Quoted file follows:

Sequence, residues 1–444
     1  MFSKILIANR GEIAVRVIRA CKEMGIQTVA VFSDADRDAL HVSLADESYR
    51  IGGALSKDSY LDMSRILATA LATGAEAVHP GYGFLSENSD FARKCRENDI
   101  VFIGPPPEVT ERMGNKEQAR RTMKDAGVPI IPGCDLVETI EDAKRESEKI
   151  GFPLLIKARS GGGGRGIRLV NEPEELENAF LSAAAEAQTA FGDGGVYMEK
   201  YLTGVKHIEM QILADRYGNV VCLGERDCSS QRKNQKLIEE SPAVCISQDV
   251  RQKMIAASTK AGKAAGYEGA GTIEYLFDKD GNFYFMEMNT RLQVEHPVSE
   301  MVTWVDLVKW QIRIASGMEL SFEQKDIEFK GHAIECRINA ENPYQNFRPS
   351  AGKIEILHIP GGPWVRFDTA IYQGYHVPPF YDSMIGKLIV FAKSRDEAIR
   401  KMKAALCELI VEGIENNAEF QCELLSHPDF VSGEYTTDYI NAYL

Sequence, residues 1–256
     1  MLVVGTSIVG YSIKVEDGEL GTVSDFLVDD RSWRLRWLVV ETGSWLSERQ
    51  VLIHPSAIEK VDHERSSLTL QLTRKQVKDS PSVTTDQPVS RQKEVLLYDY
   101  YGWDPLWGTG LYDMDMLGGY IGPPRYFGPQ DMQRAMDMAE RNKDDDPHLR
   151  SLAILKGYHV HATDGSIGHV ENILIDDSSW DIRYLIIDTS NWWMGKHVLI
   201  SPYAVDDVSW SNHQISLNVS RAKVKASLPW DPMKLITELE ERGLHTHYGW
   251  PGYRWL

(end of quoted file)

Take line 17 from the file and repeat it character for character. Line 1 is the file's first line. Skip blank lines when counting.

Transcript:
   251  PGYRWL